Indigenous voices have largely been absent from Canadian fashion, even as other marginalized communities have seen slightly more representation—and when Indigenous aesthetics do show up, it’s often cultural appropriation. (We’re looking at you, DSquared.) But that’s all about to change.
As the first kicks off on May 31, FLARE asked five Indigenous creatives to give us insight into the challenges Indigenous people face in the Canadian fashion industry—and how IFWTO is providing a much-needed platform for Indigenous talent. Here’s what a designer, makeup artist, hair stylist, model and the event’s founder and artistic director have to say about what it means to be Indigenous in the industry, and what work still needs to be done.
Designer Lesley Hampton on casting diverse models
“Designers like myself and Hayley Elsaesser bring diversity to the forefront of top fashion weeks in Canada. I wish more designers would follow suit, even if it were to begin with [committing to casting] a percentage of their roster to include size and ethnic diversity to represent the diversity of society. As welcoming as many Canadians are, the fashion community has been slow to change to being more diverse and inclusive. I believe more inclusive fashion weeks that highlight talent to specific communities like IFWTO will increase community awareness and industry interest. As a designer, it is our responsibility to set trends for people to follow—and that will turn into movements.”
Hair stylist Israel Garcia on the change he’s seen
“My experience working in the fashion industry for most of my professional career has always left me not feeling represented. I’ve seen countless designers and stylists over the years take inspiration and steal from the Indigenous culture. But to be part of a fashion week that celebrates Native artists and designers is such a breath of fresh air. Coming up as a young stylist in Yorkville early on in my career, I drew strength from my culture and showcased my cultre through my sense of style. Many times people told me that they didn’t know many Indigenous people. That led to questions and dialogue. Our story has long been absent from the history books. The launch of IFWTO will allow people the opportunity to purchase authentic fashion and jewellery and educate themselves about our rich culture and teachings.”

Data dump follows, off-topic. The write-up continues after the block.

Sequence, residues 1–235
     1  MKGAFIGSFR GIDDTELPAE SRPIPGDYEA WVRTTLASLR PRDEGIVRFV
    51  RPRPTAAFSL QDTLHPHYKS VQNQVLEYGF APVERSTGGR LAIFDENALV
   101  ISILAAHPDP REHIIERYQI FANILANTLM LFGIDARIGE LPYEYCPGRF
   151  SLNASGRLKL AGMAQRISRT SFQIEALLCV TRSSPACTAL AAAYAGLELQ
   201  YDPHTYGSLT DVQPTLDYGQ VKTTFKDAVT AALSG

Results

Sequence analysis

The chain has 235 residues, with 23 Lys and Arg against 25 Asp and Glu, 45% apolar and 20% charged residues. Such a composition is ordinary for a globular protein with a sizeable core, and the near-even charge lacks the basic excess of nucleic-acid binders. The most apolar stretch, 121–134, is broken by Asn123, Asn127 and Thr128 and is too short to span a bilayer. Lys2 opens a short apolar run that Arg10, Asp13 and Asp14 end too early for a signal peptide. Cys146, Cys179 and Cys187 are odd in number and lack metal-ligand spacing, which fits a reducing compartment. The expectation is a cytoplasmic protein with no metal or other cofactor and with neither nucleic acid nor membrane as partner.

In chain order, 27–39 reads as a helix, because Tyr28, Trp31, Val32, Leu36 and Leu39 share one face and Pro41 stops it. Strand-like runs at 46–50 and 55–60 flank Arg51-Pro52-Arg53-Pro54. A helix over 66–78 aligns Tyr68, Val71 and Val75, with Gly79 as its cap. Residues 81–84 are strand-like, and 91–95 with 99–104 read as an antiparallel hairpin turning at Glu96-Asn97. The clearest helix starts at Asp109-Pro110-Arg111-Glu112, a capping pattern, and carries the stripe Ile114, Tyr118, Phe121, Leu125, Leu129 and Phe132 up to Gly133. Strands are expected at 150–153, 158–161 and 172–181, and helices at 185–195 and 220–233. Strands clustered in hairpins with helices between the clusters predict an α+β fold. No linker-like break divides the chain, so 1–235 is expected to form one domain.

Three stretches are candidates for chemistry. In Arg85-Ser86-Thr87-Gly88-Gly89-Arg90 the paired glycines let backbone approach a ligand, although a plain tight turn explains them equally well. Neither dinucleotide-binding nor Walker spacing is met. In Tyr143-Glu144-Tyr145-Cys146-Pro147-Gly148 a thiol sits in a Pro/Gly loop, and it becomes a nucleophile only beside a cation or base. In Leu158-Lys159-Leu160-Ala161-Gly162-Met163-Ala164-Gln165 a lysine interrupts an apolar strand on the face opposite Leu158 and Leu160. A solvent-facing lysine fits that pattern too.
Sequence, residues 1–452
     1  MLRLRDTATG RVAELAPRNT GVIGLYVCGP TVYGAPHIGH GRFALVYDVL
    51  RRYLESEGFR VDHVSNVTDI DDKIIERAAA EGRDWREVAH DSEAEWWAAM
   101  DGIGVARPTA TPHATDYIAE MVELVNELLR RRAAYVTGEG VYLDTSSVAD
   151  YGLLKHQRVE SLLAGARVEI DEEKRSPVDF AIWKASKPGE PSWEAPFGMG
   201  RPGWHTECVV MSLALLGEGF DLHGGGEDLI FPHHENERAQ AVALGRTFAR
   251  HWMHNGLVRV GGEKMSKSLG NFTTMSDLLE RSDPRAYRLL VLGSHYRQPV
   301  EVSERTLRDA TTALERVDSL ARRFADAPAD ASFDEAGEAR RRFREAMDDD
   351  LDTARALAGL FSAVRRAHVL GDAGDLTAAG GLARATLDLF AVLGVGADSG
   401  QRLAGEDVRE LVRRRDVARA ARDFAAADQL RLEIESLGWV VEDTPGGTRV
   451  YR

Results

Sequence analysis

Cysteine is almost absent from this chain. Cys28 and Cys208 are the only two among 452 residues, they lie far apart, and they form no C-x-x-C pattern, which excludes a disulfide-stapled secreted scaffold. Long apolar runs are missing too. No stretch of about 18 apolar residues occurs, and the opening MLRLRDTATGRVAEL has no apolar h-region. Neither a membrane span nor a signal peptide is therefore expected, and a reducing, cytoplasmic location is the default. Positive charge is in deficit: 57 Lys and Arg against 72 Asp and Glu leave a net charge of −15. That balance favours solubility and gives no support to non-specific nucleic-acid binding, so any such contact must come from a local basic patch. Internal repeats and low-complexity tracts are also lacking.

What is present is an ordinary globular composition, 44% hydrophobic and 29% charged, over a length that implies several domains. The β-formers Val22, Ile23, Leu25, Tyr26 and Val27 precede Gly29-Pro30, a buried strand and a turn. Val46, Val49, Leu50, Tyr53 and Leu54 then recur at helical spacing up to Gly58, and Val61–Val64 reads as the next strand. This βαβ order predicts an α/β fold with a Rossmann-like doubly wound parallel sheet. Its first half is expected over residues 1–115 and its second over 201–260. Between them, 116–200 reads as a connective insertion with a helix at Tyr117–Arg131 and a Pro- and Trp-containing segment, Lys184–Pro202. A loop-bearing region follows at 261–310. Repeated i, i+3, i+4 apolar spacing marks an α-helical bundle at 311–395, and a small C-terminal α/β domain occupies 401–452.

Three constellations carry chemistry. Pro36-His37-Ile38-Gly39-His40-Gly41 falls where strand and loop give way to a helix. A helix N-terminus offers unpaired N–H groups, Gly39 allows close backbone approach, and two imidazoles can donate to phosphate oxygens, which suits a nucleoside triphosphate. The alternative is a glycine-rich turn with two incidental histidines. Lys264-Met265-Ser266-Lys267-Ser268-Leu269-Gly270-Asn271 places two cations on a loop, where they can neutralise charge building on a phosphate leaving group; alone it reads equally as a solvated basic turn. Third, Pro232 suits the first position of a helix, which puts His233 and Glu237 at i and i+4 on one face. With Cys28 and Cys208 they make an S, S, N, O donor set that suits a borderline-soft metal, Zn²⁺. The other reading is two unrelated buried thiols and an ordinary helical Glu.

IFWTO founder Sage Paul on getting past appropriation
“I have been mostly ignored or excluded because the expectation was that I should fit into the existing construct of Western fashion, culturally, economically and socially. That system, that construct, simply doesn’t allow for Indigenous designers to thrive, and anything that is diverse becomes really tokenized and commodified. Western fashion is considered the way of fashion and then everything else is more of a trend, or a commodification of whatever is popular at that time. Creating [IFWTO] allows us to present work in a way that’s for us. I’d love to see one of our designers, maybe ten years from now, at a level where Alexander McQueen was at before he passed away. I really believe the potential is there—it’s just about changing how people see and consume fashion.”
Makeup artist Summer Faith Garcia on the right space for Indigenous artists
“Often, our designs are appropriated by non-Indigenous artists, but not this time. [At Indigenous Fashion Week Toronto] we get to showcase our own unique ideas and style. Fashion has always played a huge part in our culture, and a lot of thought and care goes into our styles. Each piece is carefully crafted to tell a story. It can tell you about the person wearing it, what Nation they’re from, their clan and about their spirit’s name. Our fashion is very much like our language—descriptive. Finally, our people get a platform to show how brilliant and talented Indigenous people are. Only in my wildest dreams did I think that a little Native kid could grow up to be a designer, makeup artist, stylist or model. It was practically unheard of. Now, it’s amazing to see this surge of Indigenous talent stepping up.”
Model Cleo Keahna on promoting diversity within the community
“If we look at the fashion industry beyond Native fashion, it’s still white-dominated and Euro-centric. It’s incredibly inaccessible. To some extent, this inaccessibility is probably what makes fashion so fascinating to so many people, but problems arise when we think about the lasting effects. Fat-phobia is encouraged, even capitalized on, and -size models have to fit within certain unrealistic standards to ‘make up for’ their weight. This isn’t even touching on the dearth of Native voices, faces or power in these spaces. It’s so tempting to fall back into old habits of the ones who have made the industry so influential. Simply by virtue of our Indigeneity, we have to approach fashion and creativity differently than our white peers. Native people range in size, shape, height, age, skin colour, tribe and race. Our beauty comes from how we interact with the world and that’s a challenge to represent and organize, but I truly believe we have the capacity to carry these ideas.”
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